Sunday, February 17, 2008


Unlike any event in recent history, a confluence in events is creating an unprecedented shift across the global political, financial and social landscape. Oil has been floating around the $100 per barrel mark and seems to have stabilized there. While the U.S. war in Iraq is exasperating America’s debt, China's economy has been filling its coffers at a pace perhaps never before witnessed in human economic expansion and a long list of nations is finding new bluster and arrogance. Oil’s price is conveying vast amounts of cash into such non-democratic treasuries as Saudi Arabia, Russia, Iran and Venezuela. Although this was not an intended consequence of ordering troops into Bagdad and neither was its further destabilization of the Middle East, the fact remains that from the likes of Putin and Armadinajad the cheers are deafening. Along with the avalanche of currencies accumulating in the reserves of governments unfriendly to North America’s interests, comes an escalation in their spheres of influence.

At the same time, North American consumers overburdened with personal debt are raiding the kids’ piggy banks to fill their tanks on the way to work. Altering the prevailing transformation of America’s position on the international theater of authority and persuasion requires a very rapid price decline per barrel to well below 60% of the current level. That sounds ridiculous since human dependence on oil continues to increase unabated. Consumption is not about to reverse if we all run out and purchase hybrids or abstain from reading with lights on. There are over six and one half billion of us and that number is heading for ten billion.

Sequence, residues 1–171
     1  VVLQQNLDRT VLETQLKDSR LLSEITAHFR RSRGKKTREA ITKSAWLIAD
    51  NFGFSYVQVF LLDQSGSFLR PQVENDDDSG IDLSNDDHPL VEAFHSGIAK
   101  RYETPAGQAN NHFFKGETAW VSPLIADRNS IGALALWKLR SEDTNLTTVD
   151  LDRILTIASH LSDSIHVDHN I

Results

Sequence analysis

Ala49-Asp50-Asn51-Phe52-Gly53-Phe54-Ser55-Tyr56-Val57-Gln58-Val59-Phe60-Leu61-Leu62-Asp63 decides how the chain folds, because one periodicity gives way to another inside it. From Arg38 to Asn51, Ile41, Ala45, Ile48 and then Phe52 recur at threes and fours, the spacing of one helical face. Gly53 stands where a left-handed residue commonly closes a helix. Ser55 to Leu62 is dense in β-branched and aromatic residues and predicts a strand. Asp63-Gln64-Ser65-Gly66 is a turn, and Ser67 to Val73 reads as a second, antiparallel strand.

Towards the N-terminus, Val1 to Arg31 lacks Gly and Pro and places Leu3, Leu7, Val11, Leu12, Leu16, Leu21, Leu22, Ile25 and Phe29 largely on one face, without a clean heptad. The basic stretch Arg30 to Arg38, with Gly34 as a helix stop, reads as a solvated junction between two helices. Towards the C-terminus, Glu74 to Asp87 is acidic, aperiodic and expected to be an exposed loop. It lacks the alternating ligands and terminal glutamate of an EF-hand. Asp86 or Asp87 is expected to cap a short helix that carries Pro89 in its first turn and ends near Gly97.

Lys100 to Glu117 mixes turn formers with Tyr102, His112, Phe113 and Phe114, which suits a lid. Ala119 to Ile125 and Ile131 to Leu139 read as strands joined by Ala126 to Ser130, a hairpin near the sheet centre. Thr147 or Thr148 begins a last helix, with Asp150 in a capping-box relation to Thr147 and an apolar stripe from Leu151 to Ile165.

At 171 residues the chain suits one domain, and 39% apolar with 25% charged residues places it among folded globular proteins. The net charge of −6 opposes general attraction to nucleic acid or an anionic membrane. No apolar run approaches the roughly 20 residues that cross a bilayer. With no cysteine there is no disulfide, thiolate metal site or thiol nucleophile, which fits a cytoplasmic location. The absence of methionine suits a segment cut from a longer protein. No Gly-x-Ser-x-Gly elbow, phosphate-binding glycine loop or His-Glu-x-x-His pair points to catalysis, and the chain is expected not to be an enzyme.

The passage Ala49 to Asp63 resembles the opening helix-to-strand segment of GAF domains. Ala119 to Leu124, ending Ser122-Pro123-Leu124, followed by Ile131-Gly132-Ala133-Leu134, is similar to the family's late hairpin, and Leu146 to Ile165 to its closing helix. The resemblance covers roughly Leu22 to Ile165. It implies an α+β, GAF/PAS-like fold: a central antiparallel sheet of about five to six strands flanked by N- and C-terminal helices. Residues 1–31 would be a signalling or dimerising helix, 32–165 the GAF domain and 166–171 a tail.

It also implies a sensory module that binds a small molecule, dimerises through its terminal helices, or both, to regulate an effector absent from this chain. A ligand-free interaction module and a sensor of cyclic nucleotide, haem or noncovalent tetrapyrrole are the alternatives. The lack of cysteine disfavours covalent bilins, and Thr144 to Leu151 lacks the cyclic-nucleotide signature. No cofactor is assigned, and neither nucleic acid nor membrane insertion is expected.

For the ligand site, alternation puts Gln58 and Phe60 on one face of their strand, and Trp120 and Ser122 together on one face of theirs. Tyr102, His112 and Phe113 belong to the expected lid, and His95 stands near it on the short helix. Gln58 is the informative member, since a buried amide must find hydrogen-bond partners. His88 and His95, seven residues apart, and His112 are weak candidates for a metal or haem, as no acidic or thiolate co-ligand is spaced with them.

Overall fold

There are actions the U.S. can implement to begin reversing the tide.
1. Get out of Iraq and stay out of any conflict for long enough to give U.S. taxpayers time to fully understand their predicament and implement a turnaround plan - I say ‘taxpayers’ because Congress seems unable to demonstrate leadership.
2. Start building nuclear reactors to make a major impact on national dependence on oil. This will take years but there are no currently known viable alternatives to nuclear energy that can supply a meaningful percentage of the demand. Yes, there are problems with “waste” handling, nevertheless there are known technologies and processes that can be diligently implemented.
3. Launch a national “savings” campaign opposing the profligate spending of the past decade. That goes for all levels of the political landscape - individual, city, state and particularly federal government. The promotion of “spending” which has historically been promoted as good for America has resulted in an American middle class holding the biggest bag on a total U.S. combined debt of $48 Trillion. Maybe congress will hear the roar and pay attention.

America’s choices may be limited but there are some.


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